points us to yet another story of copyright law gone mad. Laurel Russwurm explains how there are numerous creative projects that she's worked on, including TV shows that she's written
, that she's never seen and probably will never see
, due to copyright.
In the years since writing the script, I’ve only ever found one commercial Neverending Story VHS tape from the series in Canada. And it didn’t include my episode. But the world has changed. The cost of the technology has dropped, and it is no longer prohibitively expensive to make copies. In recent years, the Neverending Story series has been made available online as Amazon downloads. Yay!
Except copyright prevents me from paying $1.99 and downloading a copy of ‘The Dreaming Field‘ for myself, because:
"Video Playback Not Authorized”
“Licensing restrictions” are part of copyright law. They call this “copyright protection,” but I really don’t see how this protects me as a creator. Sure, I was paid for the work. Over the years I’ve received sporadic tiny incremental sums. “Royalties.” A much greater percentage of the royalty is paid off the top to the copyright collective that administers these funds, supposedly “on my behalf”.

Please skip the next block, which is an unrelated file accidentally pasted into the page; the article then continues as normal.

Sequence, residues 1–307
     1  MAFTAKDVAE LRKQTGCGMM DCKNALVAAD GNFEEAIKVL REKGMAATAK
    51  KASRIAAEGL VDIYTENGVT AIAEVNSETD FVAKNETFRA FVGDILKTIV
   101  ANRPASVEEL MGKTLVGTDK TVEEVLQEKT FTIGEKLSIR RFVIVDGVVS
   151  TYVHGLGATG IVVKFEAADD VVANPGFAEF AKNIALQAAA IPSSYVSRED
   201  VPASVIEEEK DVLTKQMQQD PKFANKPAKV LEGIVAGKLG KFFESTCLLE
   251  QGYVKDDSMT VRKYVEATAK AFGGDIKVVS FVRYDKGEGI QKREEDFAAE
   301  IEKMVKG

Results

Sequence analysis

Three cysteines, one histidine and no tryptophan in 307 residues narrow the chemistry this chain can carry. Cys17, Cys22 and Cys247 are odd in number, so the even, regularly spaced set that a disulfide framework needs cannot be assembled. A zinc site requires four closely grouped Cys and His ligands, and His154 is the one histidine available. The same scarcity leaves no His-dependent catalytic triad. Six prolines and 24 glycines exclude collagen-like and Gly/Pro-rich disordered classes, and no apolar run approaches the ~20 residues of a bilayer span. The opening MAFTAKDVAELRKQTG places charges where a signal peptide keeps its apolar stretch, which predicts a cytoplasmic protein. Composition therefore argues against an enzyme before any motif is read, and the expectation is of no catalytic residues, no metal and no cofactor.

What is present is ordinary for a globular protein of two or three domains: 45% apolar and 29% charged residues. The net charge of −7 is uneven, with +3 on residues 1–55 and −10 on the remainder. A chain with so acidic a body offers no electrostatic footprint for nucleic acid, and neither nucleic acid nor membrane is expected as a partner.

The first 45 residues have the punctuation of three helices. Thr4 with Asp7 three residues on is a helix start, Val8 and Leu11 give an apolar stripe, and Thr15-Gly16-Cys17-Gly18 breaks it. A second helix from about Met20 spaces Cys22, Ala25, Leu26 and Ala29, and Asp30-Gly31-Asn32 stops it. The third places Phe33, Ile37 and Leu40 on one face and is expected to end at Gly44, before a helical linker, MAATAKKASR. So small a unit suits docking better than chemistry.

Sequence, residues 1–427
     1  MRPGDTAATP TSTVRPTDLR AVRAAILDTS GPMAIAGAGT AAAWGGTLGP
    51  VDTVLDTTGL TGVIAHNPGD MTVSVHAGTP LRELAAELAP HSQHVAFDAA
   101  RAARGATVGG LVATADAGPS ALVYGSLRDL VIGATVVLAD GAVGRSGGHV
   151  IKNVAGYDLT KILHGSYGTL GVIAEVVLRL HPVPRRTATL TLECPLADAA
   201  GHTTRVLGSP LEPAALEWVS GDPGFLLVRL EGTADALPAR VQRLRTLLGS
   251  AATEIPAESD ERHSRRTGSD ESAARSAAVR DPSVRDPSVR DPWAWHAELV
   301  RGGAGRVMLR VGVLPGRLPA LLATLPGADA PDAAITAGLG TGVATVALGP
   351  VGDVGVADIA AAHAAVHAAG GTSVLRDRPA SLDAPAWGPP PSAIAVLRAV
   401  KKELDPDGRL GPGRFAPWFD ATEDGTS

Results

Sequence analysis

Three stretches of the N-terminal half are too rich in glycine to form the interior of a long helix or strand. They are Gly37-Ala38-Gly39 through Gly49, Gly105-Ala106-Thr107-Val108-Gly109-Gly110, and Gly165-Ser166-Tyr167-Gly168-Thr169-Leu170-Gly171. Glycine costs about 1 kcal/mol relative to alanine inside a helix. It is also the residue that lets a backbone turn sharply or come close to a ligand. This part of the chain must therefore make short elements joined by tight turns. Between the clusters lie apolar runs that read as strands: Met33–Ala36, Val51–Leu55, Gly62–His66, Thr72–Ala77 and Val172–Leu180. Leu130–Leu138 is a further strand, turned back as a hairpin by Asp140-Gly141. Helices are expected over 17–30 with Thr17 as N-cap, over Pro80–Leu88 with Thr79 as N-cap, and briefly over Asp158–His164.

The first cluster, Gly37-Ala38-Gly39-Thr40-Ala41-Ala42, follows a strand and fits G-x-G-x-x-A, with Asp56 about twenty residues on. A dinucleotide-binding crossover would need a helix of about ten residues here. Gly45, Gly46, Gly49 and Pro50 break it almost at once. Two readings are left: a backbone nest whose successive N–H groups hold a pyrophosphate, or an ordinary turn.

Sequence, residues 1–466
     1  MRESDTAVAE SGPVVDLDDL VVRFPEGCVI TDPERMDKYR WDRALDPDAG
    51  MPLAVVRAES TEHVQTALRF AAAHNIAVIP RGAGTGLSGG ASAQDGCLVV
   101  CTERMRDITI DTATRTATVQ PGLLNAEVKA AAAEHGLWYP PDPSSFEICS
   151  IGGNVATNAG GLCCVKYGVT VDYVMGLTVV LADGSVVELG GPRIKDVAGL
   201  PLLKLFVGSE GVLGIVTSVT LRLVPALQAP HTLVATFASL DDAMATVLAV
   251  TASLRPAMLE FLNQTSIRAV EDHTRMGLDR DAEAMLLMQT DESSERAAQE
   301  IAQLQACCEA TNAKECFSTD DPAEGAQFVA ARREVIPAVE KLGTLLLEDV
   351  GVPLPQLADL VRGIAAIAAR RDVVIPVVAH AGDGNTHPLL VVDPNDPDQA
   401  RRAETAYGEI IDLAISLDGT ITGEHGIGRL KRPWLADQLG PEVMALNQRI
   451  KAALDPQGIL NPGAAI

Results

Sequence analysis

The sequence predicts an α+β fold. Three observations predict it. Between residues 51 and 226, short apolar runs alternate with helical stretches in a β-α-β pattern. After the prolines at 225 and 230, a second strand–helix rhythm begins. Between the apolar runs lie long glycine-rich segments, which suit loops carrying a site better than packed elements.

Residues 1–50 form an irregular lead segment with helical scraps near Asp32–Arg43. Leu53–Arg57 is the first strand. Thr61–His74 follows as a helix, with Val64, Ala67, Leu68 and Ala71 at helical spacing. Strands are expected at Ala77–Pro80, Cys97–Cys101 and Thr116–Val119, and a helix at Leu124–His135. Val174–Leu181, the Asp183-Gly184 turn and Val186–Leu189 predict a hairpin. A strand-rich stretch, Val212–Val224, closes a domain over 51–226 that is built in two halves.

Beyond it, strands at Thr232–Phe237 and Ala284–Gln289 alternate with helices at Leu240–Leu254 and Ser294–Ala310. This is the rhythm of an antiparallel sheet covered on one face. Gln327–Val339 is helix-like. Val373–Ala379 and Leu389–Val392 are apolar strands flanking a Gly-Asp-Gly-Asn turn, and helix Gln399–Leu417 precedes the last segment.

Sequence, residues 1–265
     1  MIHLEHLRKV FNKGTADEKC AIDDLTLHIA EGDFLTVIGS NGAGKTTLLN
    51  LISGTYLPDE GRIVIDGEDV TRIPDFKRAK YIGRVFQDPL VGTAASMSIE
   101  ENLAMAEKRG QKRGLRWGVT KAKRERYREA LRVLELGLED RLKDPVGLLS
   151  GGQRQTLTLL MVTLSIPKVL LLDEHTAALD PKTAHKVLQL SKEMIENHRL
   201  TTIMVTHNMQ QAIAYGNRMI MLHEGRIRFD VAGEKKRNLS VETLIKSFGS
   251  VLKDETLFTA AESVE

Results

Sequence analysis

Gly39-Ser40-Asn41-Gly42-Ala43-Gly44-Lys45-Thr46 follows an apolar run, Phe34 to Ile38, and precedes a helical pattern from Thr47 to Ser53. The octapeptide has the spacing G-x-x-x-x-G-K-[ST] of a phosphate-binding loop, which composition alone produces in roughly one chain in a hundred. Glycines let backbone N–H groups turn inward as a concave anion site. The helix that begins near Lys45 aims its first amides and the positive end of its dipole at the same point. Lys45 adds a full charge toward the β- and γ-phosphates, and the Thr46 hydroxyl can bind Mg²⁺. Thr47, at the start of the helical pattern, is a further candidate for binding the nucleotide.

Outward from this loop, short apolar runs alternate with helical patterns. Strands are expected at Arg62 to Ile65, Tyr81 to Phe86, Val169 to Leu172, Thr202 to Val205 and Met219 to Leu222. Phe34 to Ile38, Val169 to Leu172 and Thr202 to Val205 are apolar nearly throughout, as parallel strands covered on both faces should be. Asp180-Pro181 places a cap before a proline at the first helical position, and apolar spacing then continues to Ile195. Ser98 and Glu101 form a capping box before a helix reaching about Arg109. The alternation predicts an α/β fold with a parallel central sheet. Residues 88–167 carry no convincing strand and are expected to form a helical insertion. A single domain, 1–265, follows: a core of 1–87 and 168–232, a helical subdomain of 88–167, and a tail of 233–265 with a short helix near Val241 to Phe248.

“We have detected that you are not located within the U.S. Due to licensing restrictions, Amazon Instant Video Customers must be located in the United States when viewing videos online.”
–Amazon.com: Neverending Story: Season 2, episode 19, “The Dreaming Field”: Amazon Instant Video
The argument that is always made in support of increasingly restrictive copyright law is that copyright protects creators. I don’t believe that.
Laurel also points out that this particular work was done 15 years ago. If copyright were 14 years, as it was originally, the work would now be in the public domain, and she could see it. As it stands, she'll probably never see it.